There's a lot of talk about newspapers charging for their content
online but quietly, something interesting is happening: the very blogs
that are usually associated with 'free' are dipping their toes in the
waters of paid content.
In the tech blogosphere, TechCrunch and ReadWriteWeb sell reports.
GigaOm has a subscription service. Add to that list Ars Technica, which has launched a new subscription service dubbed Ars Premier 2.0.
Someone's head will roll for this. There is a Microsoft employee inept at Photoshop who has brought a good deal of embarrassment to the company with a poor attempt to white wash the company's marketing materials in Europe.
The above images both graced Micrsoft websites this week. The top picture, which appears on the company's Seattle-based website, features a black man.
But on the company's Polish site, a white man's head was superimposed into
the shot. Whoever massacred the image didn't have time to deal with issues of consistency — he left the original man's hand unchanged in the Polish version.
A reader pointed out the discrepancy to TechCrunch, and Microsoft has since apologized. The company isn't naming names on who was responsible for the mistake, but they have since returned the image to its original state on the Polish website. Too bad for them it's already become a meme.
“’Catchy’ is one word for it,” wrote MG. “Another is awful.” I’m afraid I agree with Siegler here, apart from the catchy bit, but make of it what you will:
It turns out that the winning songwriter - one Jonathan Mann, who writes one song a day and uploads them to YouTube – isn’t one to take this kind of criticism lying down. He has replied to Siegler via the power of song!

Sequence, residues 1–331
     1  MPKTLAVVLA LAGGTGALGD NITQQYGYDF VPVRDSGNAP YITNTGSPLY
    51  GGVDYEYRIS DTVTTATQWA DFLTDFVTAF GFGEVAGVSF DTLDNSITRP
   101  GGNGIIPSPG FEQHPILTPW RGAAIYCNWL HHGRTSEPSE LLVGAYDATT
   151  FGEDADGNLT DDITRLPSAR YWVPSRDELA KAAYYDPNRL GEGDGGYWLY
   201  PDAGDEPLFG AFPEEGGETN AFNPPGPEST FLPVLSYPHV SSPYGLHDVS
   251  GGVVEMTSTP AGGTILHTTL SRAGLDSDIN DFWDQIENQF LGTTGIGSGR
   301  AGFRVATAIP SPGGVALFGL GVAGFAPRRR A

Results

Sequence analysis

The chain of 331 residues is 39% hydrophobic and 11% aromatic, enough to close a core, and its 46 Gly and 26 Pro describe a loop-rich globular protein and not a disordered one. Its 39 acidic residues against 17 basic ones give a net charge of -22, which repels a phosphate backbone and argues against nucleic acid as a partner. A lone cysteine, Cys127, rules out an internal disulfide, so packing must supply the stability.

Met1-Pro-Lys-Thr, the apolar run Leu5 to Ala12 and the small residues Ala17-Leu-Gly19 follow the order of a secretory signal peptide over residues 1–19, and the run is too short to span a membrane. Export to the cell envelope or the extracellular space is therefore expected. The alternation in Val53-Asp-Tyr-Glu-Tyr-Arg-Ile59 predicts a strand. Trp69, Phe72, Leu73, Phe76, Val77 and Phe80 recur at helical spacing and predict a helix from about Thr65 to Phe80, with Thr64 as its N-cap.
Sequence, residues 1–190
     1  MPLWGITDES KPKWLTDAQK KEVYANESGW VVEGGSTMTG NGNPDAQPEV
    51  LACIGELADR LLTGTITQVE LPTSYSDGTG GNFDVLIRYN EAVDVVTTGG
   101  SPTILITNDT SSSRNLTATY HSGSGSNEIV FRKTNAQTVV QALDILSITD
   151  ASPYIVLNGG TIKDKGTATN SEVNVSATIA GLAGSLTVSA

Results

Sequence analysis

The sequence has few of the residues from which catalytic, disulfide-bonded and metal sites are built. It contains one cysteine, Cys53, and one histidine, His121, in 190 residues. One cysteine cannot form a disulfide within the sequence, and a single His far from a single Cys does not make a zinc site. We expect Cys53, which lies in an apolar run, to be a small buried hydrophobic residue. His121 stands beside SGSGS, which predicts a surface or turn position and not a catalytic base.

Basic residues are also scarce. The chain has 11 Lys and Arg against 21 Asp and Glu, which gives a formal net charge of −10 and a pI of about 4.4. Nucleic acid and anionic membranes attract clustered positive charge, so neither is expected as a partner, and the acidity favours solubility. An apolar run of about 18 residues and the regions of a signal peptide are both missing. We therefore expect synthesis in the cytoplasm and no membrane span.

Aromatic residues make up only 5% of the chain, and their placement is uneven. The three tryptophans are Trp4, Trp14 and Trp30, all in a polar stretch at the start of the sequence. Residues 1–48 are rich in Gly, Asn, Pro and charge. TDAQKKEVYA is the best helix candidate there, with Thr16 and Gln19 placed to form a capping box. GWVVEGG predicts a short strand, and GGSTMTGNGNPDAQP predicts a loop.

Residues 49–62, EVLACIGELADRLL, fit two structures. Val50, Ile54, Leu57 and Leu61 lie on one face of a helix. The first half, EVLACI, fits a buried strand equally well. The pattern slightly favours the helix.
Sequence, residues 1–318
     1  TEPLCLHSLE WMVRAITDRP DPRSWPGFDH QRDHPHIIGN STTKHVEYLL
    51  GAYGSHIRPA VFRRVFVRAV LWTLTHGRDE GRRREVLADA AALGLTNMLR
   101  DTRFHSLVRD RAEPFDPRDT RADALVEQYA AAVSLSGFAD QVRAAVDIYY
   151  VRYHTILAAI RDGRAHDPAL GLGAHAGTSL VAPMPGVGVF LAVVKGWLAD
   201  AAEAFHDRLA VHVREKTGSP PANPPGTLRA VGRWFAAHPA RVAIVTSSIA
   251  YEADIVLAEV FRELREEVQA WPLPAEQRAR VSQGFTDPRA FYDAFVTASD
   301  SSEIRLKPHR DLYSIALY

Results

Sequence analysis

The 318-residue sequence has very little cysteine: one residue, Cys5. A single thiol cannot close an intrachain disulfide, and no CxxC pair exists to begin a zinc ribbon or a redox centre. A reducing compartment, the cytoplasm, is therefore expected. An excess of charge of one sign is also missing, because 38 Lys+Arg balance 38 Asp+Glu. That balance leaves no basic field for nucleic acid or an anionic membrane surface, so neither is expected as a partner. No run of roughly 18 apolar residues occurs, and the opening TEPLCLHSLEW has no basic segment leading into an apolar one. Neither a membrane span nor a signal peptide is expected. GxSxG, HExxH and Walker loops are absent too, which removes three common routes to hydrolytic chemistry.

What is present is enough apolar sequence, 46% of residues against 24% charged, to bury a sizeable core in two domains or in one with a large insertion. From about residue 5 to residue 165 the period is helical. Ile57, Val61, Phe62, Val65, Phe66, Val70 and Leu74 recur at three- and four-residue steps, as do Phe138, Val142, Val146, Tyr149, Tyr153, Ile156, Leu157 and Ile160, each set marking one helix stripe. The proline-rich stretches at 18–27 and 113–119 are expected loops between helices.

When Michael Arrington of TechCrunch decided to publish confidential Twitter corporate documents obtained by a hacker, I wasn't impressed. It's a bad decision that's hard to justify ethically.
But what's done is done and instead of admonishing him for using a different brand of moral compass, I thought there'd be more value in using the opportunity, no matter how unfortunate, to make some observations about one of the internet's hottest startups.
Last night TechCrunch Europe hosted their inaugural Europas awards, with a list highly impressive nominees and an audience of digital royalty - both start-up and established - including the Traveling Geeks who had been at Econsultancy’s roundtable event only hours before. So, what were the categories and who were the winners?
Recently, it was the TechCrunchTalk and ChristmasCrunch Party, which focused upon how the online startup community is being affected by the looming recession.
Some 400 people attended the event to hear how the landscape currently looks for new internet businesses, and to try to understand what will happen in the near future.
Econsultancy caught up with Mike Butcher, who was hosting the occasion, to gain further understanding as to what the thoughts are amongst the influential investors, current companies and the digital experts, including Mike’s own thoughts and impressions.